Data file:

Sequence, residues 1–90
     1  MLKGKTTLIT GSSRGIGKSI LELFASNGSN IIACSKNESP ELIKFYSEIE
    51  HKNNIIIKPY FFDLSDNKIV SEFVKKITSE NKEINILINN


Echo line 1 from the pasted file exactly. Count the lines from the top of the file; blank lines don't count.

Sequence, residues 1–90